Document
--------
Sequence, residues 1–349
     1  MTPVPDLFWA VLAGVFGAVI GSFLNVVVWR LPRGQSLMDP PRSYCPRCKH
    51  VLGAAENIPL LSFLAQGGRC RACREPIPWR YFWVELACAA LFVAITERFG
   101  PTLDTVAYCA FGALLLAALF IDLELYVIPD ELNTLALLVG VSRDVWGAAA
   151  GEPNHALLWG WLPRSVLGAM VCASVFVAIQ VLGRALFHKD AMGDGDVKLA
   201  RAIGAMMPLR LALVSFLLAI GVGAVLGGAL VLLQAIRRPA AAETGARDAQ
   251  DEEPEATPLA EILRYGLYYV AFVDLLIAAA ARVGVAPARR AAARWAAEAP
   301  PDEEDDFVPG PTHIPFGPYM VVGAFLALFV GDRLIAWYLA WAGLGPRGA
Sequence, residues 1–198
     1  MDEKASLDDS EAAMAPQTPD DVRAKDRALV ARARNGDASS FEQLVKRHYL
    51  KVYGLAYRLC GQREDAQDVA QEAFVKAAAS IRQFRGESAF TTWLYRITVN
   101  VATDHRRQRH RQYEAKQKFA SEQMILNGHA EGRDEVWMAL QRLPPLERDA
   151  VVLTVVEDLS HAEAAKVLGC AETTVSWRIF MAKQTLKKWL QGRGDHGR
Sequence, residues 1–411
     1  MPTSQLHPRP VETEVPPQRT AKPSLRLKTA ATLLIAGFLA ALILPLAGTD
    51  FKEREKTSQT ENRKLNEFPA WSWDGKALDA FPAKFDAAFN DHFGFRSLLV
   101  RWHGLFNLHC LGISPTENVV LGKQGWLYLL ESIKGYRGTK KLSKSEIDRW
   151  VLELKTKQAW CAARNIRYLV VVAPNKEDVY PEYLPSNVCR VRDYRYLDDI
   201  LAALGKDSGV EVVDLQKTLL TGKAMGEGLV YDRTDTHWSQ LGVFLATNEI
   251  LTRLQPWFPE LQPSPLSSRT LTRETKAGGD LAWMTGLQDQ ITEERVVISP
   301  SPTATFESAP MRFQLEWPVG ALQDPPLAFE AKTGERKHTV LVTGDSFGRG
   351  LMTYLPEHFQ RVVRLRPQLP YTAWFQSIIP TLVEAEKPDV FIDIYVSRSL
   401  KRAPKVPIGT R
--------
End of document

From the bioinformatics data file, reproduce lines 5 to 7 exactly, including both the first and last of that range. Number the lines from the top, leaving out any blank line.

   151  GEPNHALLWG WLPRSVLGAM VCASVFVAIQ VLGRALFHKD AMGDGDVKLA
   201  RAIGAMMPLR LALVSFLLAI GVGAVLGGAL VLLQAIRRPA AAETGARDAQ
   251  DEEPEATPLA EILRYGLYYV AFVDLLIAAA ARVGVAPARR AAARWAAEAP